Full Spectrum Dominance.
Perhaps we ought not to feel surprise at
the attempt by the
This natural tendency to take whatever your power enables you to take has come into question only in very recent times – a consideration forced upon us (perhaps reluctantly) by the invention of weapons so powerful that they can no longer be safely used. War has become out of date, but the realisation has not yet dawned on modern contenders for Alexander’s soubriquet. So while we can deplore today’s sole superpower’s attempts at global dominance, we can at least understand it. The barbarians of the past thought in exactly the same way.
Such thoughts are generated by the new
The new doctrine breaks fresh and dangerous
ground. As if our existing militarised
world bristling with Armageddon weapons were not enough, this draft takes a
step further. It advocates use of
nuclear weapons against a non-nuclear adversary for the first time. Part of the deal that has persuaded
non-nuclear states to remain so, was the promise in the Non Proliferation
Treaty that states possessing these ultimate weapons would never use them
against a non-nuclear state. The new
idea is that in the (amazingly unlikely) event of the United States of America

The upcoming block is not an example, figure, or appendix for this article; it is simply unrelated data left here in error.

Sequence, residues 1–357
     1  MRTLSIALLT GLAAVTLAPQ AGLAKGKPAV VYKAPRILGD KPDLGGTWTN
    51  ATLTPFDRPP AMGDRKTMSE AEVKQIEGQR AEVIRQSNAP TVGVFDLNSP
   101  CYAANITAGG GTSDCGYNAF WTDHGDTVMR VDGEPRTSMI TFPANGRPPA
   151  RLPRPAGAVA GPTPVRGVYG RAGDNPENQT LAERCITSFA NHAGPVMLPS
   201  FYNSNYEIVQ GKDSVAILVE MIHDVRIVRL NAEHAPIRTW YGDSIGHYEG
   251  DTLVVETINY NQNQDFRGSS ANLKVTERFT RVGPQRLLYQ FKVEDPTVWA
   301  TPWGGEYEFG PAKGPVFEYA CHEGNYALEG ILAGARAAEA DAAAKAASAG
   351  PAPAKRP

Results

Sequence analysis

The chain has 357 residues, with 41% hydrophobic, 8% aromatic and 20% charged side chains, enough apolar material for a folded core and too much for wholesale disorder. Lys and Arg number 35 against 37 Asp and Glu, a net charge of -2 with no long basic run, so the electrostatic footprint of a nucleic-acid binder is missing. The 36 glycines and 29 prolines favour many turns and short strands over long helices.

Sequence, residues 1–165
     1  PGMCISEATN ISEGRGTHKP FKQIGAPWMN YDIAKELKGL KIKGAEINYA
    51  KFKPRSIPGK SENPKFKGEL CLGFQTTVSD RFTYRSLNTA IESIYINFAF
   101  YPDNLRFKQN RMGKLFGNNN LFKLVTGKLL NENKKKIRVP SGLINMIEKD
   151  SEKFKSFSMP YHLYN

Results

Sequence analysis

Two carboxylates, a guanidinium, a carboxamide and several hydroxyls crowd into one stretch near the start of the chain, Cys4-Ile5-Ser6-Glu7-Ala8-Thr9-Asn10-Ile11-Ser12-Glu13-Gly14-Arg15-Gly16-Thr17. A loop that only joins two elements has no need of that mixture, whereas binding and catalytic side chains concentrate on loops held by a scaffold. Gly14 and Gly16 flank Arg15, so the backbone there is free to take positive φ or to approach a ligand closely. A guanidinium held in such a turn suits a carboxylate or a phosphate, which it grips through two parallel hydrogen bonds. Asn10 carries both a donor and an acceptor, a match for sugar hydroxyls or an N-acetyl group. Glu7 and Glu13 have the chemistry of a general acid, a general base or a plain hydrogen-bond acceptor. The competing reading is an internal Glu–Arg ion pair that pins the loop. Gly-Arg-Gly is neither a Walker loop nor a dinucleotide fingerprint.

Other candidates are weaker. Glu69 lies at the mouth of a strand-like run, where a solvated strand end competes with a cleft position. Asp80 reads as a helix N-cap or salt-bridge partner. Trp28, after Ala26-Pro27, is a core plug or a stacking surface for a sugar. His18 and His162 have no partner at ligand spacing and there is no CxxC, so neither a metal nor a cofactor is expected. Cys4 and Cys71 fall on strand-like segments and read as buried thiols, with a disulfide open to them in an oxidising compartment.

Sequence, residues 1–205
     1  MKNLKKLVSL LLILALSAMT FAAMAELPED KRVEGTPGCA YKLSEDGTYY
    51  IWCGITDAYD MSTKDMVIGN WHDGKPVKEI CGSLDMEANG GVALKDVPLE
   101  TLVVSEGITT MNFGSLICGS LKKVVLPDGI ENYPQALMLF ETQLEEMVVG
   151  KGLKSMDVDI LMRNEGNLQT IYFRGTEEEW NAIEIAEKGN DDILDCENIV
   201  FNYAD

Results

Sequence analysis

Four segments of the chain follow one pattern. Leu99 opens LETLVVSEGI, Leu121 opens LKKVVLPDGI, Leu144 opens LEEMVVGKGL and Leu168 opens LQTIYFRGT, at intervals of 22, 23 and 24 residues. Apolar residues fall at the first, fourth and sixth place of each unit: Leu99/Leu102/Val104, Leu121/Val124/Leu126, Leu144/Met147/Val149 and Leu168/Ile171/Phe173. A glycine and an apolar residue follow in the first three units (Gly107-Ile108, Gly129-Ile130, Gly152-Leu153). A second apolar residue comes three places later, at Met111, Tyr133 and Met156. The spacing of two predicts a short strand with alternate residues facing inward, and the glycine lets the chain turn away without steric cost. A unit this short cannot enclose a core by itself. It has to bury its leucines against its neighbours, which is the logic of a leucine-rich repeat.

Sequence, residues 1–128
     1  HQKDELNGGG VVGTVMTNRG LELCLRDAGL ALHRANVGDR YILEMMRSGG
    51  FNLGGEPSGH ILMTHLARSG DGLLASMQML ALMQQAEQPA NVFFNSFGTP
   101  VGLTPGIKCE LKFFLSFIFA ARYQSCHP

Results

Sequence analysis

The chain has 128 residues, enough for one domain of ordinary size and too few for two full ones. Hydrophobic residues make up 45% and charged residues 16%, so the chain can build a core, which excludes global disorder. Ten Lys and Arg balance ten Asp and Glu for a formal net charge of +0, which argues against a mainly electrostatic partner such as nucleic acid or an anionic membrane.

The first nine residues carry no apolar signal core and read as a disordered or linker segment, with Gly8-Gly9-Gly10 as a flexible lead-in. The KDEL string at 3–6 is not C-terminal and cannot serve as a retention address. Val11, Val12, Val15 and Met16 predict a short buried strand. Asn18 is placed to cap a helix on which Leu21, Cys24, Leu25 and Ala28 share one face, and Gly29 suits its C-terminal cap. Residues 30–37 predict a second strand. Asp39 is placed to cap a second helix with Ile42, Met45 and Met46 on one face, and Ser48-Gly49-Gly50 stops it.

being threatened by a state possessing only conventional weapons, the US should
feel free to use its nuclear arsenal.
This is the main argument, though of course the door is opened for the
The new concept involves reducing the power of nuclear weapons, so that they can be used to obliterate designated targets, rather than whole cities. Nuclear weapons are no longer to be regarded as a deterrent, which has been long the excuse for them, but as a useful battlefield weapon. Field commanders will be given permission to use nukes against factories or installations believed to house weapons of mass destruction. So in future, in a world dominated by the sole superpower, the ‘intelligence’ of the kind that resulted in the invasion of Iraq will result in annihilation of suspected obstacles, after which it will of course be impossible to determine if there really were weapons of mass destruction or anything else in the targets.